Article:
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brandon7 TN_zone(7)

"Actually, I use this as a way to say "so many problems on this board are due to improper planting, that in this - and so many cases - the odds are excellent that improper planting is the cause"."

Yep, that's what I said Dan. Gee whiz, I can't believe I misspelled default so many times. What's wrong with my dang spell checker thingy. Maybe my "u" button was stuck...yeah that's the ticket...
__________________________________________________________

"I used peat moss and a fertilizer when planting the trees."

Yikes. I see Dan's Defa[u]lt rearing its ugly head. Peat moss should never be used when planting a cherry under any circumstances whatsoever that I can possibly imagine. It makes Brandon's Defa[u]lt (poor drainage) and moisture extremes a strong likelihood. Peat moss holds way too much moisture when it gets wet, making root rot hard to escape, and then dries out and becomes hard to re-wet when dry. Whatever source you used that suggested its use should be filed in the circular file at once!
__________________________________________________________

Kayelle,

It is entirely possible your trees weren't grafted, but I've never heard of one growing from a small whip to 8' tall in one year. That sounds like a science experiment gone crazy. Bench grafts (in this instance, meaning small scions grafted onto large, healthy rootstocks) can experience phenomenal growth, and that's why I guessed that that was what you had.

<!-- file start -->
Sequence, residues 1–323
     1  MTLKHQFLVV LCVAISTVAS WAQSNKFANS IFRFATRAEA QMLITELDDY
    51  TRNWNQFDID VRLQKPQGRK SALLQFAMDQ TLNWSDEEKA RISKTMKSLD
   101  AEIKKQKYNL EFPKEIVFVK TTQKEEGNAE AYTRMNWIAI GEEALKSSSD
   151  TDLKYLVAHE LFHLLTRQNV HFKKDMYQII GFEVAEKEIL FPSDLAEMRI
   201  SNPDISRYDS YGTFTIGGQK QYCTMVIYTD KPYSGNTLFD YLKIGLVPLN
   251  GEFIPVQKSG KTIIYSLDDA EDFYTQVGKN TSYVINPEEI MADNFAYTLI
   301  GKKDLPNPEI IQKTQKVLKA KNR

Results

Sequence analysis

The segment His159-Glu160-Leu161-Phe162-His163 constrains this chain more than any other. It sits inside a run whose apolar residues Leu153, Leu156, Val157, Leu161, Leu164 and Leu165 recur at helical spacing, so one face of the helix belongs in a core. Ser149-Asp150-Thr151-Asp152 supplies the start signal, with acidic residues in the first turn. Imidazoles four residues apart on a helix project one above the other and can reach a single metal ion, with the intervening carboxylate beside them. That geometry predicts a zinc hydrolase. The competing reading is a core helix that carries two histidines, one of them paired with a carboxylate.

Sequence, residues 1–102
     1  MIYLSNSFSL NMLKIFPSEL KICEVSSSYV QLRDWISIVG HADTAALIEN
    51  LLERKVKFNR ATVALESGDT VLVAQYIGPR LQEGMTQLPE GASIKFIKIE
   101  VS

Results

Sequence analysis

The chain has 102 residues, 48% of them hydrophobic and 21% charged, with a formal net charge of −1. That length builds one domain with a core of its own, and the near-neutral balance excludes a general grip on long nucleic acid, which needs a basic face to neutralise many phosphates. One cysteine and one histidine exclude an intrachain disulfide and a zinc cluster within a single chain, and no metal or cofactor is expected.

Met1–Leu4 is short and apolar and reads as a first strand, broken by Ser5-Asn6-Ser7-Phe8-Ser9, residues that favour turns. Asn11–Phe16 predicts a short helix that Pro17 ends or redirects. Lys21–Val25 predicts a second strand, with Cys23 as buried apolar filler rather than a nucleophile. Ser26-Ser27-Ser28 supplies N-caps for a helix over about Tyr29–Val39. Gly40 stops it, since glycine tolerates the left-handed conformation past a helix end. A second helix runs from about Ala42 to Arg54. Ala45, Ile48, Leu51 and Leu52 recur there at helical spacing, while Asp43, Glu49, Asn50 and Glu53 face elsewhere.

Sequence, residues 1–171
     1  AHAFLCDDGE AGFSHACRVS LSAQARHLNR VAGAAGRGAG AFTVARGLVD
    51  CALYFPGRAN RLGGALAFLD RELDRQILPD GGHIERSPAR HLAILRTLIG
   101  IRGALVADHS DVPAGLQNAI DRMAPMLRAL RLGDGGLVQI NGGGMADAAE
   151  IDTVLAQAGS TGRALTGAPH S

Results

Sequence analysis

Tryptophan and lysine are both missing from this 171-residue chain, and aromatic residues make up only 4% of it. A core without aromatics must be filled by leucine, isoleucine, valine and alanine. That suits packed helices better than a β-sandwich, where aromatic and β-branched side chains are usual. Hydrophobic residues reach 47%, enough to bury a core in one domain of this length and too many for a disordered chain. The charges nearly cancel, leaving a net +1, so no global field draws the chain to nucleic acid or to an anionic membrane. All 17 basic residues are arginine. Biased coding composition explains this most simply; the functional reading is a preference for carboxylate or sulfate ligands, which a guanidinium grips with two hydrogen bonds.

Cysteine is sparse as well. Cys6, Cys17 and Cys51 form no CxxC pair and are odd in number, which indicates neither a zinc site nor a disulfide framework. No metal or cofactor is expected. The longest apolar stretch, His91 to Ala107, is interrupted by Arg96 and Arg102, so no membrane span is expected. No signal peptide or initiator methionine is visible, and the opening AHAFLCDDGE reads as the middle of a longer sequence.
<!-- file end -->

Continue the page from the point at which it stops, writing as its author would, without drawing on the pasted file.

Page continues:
Bookmark   June 11, 2011 at 1:40AM
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kingme77(6)

I dug up the directions from the site I bought them from and it says, I can use either peat moss or gardening soil with a 50/50 mixture of native soil. From what your telling me that is incorrect. I wish I would have asked the people here instead of going by these directions.

Here are the pictures of the trunk in the ground. I hope it helps.

If the peat moss is my issue, can the tree be dug up in an effort to right the soil or does my tree have no hope?

Thanks again.

    Bookmark   June 11, 2011 at 10:03AM
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brandon7 TN_zone(7)

A 50/50 mixture of peat moss and native soil is not just incorrect, it's insane! I'd say whoever you bought them from owes you a new tree with free shipping plus a huge apology. Who were these knuckleheads, if you don't mind me asking?

I doubt the tree has much hope at this point. Miracles happen, but this tree would need at least a small one to live. Replanting at this time of year would just add extra stress, so would probably not be worth the effort at this point.

From the pictures, it also appears that your tree may be planted to deep. How did you determine the proper planting depth? Ideally trees should be planted so that the uppermost root(s) are just below the surface. I don't see any sign of roots on your tree. If you tree was grafted (I don't remember if you mentioned whether or not it was), I also don't see any graft union which should be above ground by at least a couple of inches.

    Bookmark   June 11, 2011 at 1:49PM
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kingme77(6)